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What is the Transporter?

The Transporter is the product component that does all of the heavy-lifting: it performs backup, replication, and recovery, as well as data compression, deduplication, and encryption. An instance of the Transporter is automatically installed along with the Director to enable backup, replication, and recovery out of the box. The default Transporter is called “Onboard Transporter” and cannot be removed from the product. 

A single Transporter can back up, replicate, and recover multiple VMs and cloud instances, for example:

One Transporter can simultaneously process multiple source disks (6 by default) during backup, replication, and recovery. If jobs contain more disks than the Transporter is set to process simultaneously, the disks will be put in a queue and will be processed once the Transporter frees up.

How Many Transporters should be Deployed

In most cases, it is sufficient to deploy only one Transporter per site. In large environments, where multiple source items should be processed simultaneously, multiple Transporters can be deployed to distribute the workload, for example:

Deploying multiple Transporters also enables network acceleration and AES 256 encryption of traffic between a pair of Transporters. For example, if VMs are replicated over WAN between two sites, the Transporter installed in the source site can compress and encrypt data before transferring it over WAN, and the Transporter installed in the Target site can unencrypt and decompress the data prior to writing it to the target server, for example:

If you plan to transfer data over WAN without a VPN connection from your source site to the target site, make sure the source and target Transporters are added to the product using external IP addresses or using DNS names that can be properly resolved in WAN (so the two Transporters can connect to each other).

How Transporters are Selected for Jobs

In large and geographically distributed environments multiple Transporters can be deployed to distribute the data protection workload, optimize network traffic, and improve data transfer speeds. Thus, if more than one Transporter is deployed for NAKIVO Backup & Replication, it is important to determine which one should be used to read data from a particular source and which one should be used to write data to a target.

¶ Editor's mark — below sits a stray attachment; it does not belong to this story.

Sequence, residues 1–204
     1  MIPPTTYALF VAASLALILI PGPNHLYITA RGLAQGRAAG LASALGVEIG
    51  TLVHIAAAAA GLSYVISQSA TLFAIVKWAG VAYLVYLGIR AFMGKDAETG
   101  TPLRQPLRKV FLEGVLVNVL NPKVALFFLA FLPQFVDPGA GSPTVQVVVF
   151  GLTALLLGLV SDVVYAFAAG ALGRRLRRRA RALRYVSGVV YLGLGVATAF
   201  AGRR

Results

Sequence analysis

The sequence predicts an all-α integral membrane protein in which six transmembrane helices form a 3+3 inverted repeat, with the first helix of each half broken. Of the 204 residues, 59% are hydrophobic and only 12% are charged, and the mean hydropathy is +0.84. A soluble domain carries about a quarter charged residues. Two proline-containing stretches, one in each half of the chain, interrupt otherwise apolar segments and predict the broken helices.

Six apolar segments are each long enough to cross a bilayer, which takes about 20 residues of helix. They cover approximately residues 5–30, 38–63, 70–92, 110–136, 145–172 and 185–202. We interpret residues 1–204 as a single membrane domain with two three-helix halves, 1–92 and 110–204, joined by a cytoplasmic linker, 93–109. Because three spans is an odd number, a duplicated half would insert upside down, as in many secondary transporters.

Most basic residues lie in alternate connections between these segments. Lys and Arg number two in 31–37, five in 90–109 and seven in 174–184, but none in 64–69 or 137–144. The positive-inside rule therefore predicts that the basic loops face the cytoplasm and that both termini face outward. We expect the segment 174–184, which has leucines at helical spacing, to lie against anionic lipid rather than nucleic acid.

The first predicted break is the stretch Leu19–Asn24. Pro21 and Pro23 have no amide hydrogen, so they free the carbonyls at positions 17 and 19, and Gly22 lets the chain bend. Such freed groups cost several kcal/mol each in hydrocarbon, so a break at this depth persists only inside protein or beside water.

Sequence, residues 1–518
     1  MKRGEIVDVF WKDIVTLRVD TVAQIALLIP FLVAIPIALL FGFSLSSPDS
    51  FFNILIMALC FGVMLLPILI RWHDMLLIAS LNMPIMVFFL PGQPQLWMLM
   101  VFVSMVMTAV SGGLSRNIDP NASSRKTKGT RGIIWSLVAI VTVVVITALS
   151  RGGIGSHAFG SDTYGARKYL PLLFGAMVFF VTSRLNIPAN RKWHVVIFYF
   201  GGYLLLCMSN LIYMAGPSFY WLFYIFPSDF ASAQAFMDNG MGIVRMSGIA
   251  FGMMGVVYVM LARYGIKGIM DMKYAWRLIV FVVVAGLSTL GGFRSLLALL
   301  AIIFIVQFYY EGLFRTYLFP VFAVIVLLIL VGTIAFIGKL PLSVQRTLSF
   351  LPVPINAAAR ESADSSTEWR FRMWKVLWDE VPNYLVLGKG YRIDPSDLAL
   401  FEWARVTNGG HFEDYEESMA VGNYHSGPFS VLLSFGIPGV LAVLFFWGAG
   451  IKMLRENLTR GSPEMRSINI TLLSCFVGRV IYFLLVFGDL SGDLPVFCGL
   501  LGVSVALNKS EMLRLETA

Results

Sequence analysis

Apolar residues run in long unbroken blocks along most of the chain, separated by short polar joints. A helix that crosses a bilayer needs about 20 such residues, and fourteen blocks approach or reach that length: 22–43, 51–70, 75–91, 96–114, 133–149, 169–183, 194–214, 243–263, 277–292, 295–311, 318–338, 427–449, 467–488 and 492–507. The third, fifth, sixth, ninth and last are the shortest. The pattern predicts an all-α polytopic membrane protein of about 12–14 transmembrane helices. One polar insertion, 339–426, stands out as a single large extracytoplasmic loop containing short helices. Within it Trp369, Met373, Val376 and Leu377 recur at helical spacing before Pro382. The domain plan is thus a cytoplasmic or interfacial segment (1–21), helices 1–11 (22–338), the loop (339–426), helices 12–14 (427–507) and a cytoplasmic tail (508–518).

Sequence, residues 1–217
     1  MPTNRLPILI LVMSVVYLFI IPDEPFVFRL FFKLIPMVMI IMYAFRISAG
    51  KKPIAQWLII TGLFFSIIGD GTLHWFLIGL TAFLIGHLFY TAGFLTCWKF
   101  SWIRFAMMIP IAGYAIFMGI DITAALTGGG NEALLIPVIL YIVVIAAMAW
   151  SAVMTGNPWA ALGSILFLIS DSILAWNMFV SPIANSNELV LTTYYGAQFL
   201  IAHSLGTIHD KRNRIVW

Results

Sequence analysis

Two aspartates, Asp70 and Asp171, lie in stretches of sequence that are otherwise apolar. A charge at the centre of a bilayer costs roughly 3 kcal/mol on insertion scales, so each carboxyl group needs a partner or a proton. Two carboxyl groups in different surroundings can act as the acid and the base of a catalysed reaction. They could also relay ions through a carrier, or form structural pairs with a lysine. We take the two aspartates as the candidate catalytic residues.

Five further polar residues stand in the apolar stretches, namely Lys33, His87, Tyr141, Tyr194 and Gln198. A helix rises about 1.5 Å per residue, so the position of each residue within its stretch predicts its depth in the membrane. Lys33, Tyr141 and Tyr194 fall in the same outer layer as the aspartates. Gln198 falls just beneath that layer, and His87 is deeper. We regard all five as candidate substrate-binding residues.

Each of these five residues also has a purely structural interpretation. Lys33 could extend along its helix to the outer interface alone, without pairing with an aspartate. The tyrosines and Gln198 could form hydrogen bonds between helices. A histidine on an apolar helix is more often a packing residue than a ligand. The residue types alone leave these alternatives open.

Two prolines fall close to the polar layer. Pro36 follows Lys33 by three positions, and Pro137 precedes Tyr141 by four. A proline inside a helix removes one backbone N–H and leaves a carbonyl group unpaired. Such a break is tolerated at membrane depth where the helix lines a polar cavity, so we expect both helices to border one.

By default, the product automatically determines which Transporter should be used based on proximity of a Transporter to the source or target server. The proximity is measured by using the ping round trip time, for example:

In the example above, Transporter 1 will be selected to read data from the Source ESXi, and Transporter 2 will be selected to write data to the Target ESXi.

The Transporter selection can also be configured manually during the job creation.

Transporter as VMware Appliance

Since VMware does not provide VDDK library for ARM-based processors, the NAKIVO Onboard Transporter may not support VMware as some functionality necessary for working with VMware is missing for such ARM-based NAS devices. 

In this case, you will need to deploy an additional Transporter as a VMware appliance to allow the application to work with VMware vCenters and ESXi hosts, and protect your virtual infrastructure.

When deployed, the additional Transporter allows the application to retrieve necessary data via Transporter-to-Transporter communication.

Transporter as Nutanix Appliance

Nutanix AHV support is done via deploying a Nutanix transporter to a Nutanix cluster to read/write data from/to VMs in Nutanix cluster. For more information, refer to Adding Installed Transporters and Deploying Transporter as Nutanix Appliance sections.

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